This month we focus on the opportunities offered by 2014 and discuss how the new year may brings signs of a economic turnaround. In our success stories me meet Jimmy Hanekom, of Livewell Suites, and Reg Amos, of CTC Sports.
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January 2014   |   Volume 6.1

Clear signs of a dawn after five years of gloom

For an owner-manager hunkered down in survival mode on his shop floor after five harrowing years of economic gloom, the signs of a turnaround may not be all that apparent, but Nazeem Martin, CEO of the leading small-business finance house Business Partners, says the evidence is compelling.

The US economy is expected to grow at 2.5%, a sturdy rate for the biggest economy of the world; Europe's expected growth of 1% is a decent swing around from a similar size contraction a year before, China is still pumping at 7,5% growth and African economies at 5% per year.

These are not just figures on paper, says Martin. On his recent travels to global development finance conferences, the new life in the world economy was tangible. The number of active cranes on city skylines was striking, and “everywhere the talk is positive”. “I am certainly more optimistic now than I was a year ago,” he says.

Success story:
Local entrepreneur builds world's best retirement home

Jimmy Hanekom talks about the home for dementia sufferers that he started two years ago with a slightly raised voice. Not because he is passionate about it. He clearly is, but the reason he is speaking loudly is that he has to compete with a raucous drumming session under way across the beautifully kept garden on the stoep of the Livewell Suites in Somerset West.

Wild applause and whoops of joy follow a particularly fast rendition of Kumbaya, before the group of residents and their carers launch into My bonny lies over the ocean.

“Research shows three things really help dementia sufferers: music, children and animals,” explains Jimmy. The drum session leader is a regular visitor to Livewell, one of many service providers who keep the residents and day-care visitors occupied with exercise, arts, gardening, baking, croquet, bowling, movies, trips to the beach, woodwork, games, and needle work, among other things.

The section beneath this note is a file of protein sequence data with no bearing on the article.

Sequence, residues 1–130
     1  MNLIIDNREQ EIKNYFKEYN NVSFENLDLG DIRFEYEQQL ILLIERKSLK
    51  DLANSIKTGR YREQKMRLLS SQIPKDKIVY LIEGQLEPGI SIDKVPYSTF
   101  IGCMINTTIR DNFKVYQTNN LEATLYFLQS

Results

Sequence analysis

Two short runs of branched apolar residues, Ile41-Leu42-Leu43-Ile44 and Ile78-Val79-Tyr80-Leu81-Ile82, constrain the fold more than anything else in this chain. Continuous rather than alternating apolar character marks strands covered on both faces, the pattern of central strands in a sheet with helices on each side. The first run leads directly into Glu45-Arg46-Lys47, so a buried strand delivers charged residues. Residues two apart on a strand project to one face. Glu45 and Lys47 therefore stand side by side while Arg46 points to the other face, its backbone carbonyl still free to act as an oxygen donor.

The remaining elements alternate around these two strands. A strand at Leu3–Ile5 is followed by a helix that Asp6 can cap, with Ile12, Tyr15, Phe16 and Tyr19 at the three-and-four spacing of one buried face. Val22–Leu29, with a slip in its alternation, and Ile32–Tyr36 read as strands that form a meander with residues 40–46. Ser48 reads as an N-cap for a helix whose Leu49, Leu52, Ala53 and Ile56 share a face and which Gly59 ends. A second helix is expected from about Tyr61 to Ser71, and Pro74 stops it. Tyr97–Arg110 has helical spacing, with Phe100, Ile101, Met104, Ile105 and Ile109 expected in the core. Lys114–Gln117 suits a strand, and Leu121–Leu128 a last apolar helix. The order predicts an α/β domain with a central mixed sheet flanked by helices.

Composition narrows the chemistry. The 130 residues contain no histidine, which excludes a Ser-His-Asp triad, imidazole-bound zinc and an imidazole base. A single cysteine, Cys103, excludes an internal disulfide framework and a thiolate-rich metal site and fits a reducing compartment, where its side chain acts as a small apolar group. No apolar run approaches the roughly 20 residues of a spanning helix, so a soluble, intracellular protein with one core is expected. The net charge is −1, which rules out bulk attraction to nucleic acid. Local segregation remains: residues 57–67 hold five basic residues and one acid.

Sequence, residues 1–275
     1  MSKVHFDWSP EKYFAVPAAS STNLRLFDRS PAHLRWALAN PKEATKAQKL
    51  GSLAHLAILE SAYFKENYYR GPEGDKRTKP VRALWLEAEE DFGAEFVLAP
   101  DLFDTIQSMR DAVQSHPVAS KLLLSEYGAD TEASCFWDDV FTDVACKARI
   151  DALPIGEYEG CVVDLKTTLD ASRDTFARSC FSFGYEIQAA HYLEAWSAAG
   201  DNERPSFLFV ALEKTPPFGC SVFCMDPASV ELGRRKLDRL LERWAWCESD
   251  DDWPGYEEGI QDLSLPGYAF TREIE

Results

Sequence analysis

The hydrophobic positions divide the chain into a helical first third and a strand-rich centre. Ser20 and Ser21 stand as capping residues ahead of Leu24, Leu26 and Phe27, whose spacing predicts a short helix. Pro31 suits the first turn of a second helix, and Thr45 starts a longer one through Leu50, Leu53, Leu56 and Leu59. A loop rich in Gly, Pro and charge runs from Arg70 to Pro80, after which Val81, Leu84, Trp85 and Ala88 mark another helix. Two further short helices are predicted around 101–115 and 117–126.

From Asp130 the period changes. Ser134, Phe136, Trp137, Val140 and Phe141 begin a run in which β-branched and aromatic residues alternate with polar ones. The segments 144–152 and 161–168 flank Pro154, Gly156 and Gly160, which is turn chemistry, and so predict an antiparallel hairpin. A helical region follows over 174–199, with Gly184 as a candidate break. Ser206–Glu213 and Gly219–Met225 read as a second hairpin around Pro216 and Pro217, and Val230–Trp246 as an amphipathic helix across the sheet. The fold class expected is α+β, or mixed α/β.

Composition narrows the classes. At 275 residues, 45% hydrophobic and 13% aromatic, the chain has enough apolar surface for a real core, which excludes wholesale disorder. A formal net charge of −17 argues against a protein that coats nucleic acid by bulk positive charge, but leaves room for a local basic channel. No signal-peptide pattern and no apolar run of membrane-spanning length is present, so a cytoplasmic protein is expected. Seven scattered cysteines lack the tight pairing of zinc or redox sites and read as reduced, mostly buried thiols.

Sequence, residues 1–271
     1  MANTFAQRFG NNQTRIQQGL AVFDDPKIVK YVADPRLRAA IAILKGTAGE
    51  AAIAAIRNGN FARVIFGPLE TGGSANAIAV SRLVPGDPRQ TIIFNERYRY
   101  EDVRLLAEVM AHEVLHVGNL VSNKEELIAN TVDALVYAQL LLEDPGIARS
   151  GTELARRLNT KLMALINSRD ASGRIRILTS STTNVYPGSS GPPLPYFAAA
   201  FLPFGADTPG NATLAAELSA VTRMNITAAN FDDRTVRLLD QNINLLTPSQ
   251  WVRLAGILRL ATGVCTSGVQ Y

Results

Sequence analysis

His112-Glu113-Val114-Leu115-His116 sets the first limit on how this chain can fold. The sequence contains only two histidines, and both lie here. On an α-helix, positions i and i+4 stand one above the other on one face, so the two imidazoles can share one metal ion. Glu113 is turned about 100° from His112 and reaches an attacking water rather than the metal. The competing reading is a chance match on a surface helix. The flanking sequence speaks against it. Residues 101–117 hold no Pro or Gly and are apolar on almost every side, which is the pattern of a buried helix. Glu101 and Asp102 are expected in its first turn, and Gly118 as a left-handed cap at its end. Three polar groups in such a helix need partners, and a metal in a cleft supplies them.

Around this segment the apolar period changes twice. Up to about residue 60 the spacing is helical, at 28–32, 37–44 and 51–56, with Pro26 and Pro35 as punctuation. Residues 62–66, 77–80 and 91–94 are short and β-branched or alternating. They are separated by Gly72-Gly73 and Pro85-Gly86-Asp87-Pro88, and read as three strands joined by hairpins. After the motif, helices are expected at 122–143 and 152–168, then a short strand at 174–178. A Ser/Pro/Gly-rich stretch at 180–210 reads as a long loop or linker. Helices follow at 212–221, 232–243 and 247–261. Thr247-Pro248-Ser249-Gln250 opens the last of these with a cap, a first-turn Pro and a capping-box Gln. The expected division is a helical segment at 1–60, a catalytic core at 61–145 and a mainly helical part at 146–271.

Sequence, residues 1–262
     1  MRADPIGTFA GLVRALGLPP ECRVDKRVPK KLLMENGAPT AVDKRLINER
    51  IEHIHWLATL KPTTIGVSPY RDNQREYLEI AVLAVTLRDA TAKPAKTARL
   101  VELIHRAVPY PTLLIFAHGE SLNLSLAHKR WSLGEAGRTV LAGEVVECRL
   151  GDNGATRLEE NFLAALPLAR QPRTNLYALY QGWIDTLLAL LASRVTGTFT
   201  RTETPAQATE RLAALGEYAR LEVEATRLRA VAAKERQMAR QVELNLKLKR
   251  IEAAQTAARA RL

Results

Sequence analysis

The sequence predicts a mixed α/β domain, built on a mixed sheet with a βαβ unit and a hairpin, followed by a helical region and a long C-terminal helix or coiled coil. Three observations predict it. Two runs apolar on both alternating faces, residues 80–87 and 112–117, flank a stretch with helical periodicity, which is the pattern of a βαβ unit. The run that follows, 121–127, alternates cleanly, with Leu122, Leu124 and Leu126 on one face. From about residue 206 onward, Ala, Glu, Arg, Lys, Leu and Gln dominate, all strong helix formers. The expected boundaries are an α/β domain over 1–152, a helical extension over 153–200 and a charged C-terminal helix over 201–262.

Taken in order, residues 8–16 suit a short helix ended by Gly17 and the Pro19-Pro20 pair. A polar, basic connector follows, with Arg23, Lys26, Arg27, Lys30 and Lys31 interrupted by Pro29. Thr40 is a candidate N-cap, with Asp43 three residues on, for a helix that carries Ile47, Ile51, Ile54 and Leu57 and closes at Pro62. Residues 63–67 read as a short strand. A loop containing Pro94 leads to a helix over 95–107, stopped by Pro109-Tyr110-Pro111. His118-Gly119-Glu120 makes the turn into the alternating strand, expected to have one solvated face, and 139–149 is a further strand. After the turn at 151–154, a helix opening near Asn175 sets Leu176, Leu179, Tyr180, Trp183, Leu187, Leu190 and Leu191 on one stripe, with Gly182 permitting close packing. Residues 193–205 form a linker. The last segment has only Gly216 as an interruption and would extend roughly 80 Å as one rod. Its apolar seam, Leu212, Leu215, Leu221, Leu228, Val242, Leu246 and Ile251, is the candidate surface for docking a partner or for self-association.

Success story:
Batting for local manufacturing

You wouldn't guess that the small CTC Sports factory in industrial Maitland, Cape Town, is one of the few places in the world – and only one of two in South Africa – where cricket balls are made.

The unassuming facade of the three-storey building also hides an amazing success story of manufacturing growth in an era of importation and decline. 57-year-old sportswear and equipment manufacturer Reg Amos started his business from his lounge seventeen years ago while the first flood of cheap Eastern imports were decimating the local clothing industry and later the sports equipment industry.

Today, he employs 39 people in his factory and outsources regular work for a dozen other small workshops around Cape Town. Niche manufacturing, says Reg, is the key ingredient of his success. “I have done well in the clothing industry because I don't target making a T-shirt. I make a T-shirt that is niche, where someone wants a T-shirt with one blue sleeve and one red sleeve. You cannot buy that in a shop.”

Time to start looking at income growth again

2014 looks like the year in which business owners will be shaking themselves out of the mindset of survival through cost cutting to one of expansion through income growth, says Anton Roelofse, regional general manager of Business Partners.

His own gut feeling as an experienced SME financier is backed by surveys which suggest improving confidence among business owners. The latest results from the Business Partners Limited SME Index shows a five percentage point increase in the average confidence levels from 49% to 54% late last year. This is echoed in other surveys that show steady earnings in established small and medium businesses.

Roelofse urges businesses to join the changing tide. “You cannot build a business in the long term by cost cutting alone. It is time to start looking at income growth again.”
Poll results Do you feel your business will grow in 2014?
  • I'm optimistic
  • I'm cautious
  • Nothing will change
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